Not too long ago, that round yellow thing suddenly appeared in the sky, and the temperature went from 40 to 70. I threw open all the windows. I wanted that intoxicating, sun warmed air to waft through our house. I hate air-fresheners. Nothing comes close to the real thing. Shaun and I were getting her ready to travel. We were doing laundry, packing, making lists, checking bill due dates, and itemizing stuff we needed to pick up from a big box store.
With the windows open, the normal Saturday sounds wafted in as well, kids screaming and skateboarding, dogs barking when they met on the street, friends walking together and chatting. Our house is on a corner, there are no sidewalks, and our yard is on the corner as well. We’re in the far back corner of the development, on the way to the lake, and frequently wave at small groups of retired women who power walk the lake route by passing our house. It’s all very friendly. If I’m out grilling ribs, neighbors jokingly invite themselves to dinner, or ask what kind of barbeque sauce we use. (Exquisite chef that I am, I eyeball it and say “Brown?”)
We have a potted Japanese maple, with delicate red leaves: it has to be 20 years old now. Christmas has claimed the tree: leaping up into the pot, then curling around the trunk of the tree to survey his kingdom and his subjects as they walk by.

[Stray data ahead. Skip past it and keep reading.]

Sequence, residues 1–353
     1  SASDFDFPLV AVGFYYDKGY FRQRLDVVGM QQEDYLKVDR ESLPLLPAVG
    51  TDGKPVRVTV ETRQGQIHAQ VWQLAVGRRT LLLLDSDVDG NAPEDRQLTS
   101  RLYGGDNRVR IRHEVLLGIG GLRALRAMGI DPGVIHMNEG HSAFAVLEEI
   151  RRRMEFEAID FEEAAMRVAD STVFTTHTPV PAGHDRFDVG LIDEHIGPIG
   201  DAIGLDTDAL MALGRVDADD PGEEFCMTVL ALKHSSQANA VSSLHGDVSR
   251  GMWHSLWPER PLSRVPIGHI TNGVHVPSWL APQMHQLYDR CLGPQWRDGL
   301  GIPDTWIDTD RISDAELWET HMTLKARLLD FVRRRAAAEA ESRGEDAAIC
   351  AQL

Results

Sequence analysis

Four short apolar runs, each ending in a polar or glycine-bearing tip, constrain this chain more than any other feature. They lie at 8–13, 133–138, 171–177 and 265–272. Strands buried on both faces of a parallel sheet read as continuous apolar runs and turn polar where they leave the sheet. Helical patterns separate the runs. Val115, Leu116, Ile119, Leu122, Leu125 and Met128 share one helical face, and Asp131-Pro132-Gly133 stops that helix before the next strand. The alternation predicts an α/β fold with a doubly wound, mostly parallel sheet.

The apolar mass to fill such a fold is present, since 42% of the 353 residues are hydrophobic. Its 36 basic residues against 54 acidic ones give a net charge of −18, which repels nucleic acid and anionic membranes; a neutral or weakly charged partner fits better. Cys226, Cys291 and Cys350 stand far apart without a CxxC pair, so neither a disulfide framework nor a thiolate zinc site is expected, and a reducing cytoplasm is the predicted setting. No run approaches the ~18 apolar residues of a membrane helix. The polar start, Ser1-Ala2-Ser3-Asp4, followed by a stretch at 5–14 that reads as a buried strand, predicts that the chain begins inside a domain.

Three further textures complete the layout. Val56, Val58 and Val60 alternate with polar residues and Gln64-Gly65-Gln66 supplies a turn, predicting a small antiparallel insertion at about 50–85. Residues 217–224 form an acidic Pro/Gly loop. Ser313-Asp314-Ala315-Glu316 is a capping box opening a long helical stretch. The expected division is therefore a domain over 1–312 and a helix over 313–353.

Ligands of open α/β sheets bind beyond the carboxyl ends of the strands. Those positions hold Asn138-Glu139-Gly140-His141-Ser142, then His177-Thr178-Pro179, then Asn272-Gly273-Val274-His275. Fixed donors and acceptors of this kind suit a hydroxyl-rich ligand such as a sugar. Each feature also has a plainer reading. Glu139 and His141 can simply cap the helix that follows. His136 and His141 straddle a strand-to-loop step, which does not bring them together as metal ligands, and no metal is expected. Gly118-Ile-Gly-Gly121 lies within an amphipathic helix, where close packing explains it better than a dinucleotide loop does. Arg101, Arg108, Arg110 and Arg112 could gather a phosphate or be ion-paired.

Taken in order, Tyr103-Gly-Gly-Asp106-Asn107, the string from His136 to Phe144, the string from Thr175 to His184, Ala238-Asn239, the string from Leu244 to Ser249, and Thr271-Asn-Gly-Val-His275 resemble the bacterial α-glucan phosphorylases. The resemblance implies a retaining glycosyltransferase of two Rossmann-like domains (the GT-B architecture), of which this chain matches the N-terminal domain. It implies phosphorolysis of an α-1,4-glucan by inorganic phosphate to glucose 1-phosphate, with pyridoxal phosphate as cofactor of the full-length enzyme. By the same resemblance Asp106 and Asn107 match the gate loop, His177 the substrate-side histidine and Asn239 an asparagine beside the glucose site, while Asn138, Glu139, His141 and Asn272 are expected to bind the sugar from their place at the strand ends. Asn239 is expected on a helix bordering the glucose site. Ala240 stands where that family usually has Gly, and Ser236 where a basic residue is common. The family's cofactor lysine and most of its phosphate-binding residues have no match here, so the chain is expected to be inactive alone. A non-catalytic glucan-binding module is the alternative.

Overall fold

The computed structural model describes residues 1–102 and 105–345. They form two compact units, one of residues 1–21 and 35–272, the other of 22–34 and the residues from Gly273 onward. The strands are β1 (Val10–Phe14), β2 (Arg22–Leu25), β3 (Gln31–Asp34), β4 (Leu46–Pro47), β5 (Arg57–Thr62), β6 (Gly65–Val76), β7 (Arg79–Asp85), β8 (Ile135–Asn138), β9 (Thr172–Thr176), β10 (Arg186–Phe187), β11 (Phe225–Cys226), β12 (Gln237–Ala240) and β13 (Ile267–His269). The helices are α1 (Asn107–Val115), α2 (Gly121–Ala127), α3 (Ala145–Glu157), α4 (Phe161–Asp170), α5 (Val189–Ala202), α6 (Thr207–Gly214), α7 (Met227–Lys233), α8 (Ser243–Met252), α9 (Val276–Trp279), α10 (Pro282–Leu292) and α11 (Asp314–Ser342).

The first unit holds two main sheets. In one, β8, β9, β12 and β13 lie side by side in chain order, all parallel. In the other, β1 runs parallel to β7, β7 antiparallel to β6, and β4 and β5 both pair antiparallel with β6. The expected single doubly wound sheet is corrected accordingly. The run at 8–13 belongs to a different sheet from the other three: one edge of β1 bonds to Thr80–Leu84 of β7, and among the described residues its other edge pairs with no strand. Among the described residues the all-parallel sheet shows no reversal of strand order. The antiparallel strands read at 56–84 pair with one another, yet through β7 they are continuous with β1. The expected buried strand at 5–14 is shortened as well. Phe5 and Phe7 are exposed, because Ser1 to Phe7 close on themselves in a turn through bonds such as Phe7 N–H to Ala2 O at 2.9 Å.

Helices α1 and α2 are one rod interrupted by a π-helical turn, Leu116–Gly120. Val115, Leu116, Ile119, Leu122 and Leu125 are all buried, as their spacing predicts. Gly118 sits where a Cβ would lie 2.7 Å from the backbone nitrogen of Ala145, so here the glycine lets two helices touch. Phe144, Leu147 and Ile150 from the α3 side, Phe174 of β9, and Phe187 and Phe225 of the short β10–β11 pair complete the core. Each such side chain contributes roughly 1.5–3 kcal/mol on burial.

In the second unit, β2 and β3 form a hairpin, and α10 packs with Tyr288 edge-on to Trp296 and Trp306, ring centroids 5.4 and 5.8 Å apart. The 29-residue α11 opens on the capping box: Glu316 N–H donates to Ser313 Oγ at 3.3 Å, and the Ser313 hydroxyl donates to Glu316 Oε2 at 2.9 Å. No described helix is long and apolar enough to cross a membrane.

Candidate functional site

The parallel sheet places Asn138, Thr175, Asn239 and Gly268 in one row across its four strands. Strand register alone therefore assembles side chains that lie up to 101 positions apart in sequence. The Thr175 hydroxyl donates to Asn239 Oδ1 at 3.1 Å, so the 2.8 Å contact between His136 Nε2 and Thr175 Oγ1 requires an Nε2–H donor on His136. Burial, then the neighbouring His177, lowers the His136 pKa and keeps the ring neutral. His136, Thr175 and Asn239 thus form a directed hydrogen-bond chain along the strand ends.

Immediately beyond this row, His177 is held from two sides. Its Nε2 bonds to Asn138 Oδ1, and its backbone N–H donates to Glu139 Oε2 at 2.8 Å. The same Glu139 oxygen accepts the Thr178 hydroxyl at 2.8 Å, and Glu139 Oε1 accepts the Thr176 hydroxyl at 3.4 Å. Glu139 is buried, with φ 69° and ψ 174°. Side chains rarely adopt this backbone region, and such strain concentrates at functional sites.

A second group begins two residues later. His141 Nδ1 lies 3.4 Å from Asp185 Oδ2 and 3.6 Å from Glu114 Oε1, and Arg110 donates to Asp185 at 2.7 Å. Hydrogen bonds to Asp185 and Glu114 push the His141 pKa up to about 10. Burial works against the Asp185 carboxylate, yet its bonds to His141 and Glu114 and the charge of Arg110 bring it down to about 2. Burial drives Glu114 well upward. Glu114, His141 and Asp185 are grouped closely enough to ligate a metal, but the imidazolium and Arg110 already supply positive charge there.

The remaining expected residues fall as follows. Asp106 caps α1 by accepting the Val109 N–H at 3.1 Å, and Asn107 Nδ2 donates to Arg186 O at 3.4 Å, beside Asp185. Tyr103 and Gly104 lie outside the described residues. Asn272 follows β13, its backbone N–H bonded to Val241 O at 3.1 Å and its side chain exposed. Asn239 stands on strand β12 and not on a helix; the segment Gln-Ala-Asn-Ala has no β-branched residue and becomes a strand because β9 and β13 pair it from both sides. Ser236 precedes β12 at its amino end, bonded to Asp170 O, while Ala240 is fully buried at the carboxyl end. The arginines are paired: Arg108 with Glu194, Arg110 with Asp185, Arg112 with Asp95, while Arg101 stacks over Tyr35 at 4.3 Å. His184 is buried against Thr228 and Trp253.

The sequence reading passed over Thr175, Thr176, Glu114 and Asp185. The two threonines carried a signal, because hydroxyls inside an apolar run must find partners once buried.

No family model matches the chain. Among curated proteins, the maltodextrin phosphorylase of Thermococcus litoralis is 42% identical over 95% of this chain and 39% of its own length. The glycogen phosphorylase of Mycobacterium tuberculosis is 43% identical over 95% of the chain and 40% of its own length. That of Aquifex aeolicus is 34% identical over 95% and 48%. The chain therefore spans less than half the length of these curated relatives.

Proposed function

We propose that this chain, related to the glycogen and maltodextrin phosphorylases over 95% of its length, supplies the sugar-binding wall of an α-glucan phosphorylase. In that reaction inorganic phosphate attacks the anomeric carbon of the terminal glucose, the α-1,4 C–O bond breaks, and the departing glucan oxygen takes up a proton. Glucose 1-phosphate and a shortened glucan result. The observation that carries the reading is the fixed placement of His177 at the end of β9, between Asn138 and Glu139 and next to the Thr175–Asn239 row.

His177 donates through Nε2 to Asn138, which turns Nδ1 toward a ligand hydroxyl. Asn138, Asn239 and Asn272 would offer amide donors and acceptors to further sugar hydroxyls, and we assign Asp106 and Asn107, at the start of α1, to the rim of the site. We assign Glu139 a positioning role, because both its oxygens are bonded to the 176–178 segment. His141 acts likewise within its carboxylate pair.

The kids are off with friends, I’m folding shirts and Shaun is checking items off her packing list. I’d lugged the suitcase in earlier, when Shaun was out picking up supplies. I unzipped it and cleaned out the flotsam from the last trip. Where do the extra buttons and bobby pins come from? Who uses bobby pins anymore? I picture some disgruntled, underpaid, airport security personnel who is sick to death of rifling through everyone’s underwear. She’s probably tossing in a few bobby pins, a sewing kit, and a couple of sticks of gum from time to time.
I forgot our dog has developed a strong dislike of suitcases. He knows it means Shaun is leaving. I stagger back into the bedroom with a pile of laundry fresh out of the dryer. Christmas is curled up in an impossibly tiny ball at the bottom of the suitcase, trying to look invisible. I yell casually to Shaun ( in the office printing out her boarding pass): “Crisis in bedroom #1.” I dump the laundry on the bed. Shaun walks in: “What’s the prob…” She looks down at the black dog fading into the black lining of the black suitcase. “Oh”, she says. “We forgot and got it out too early again?”
“My bad”, I say.
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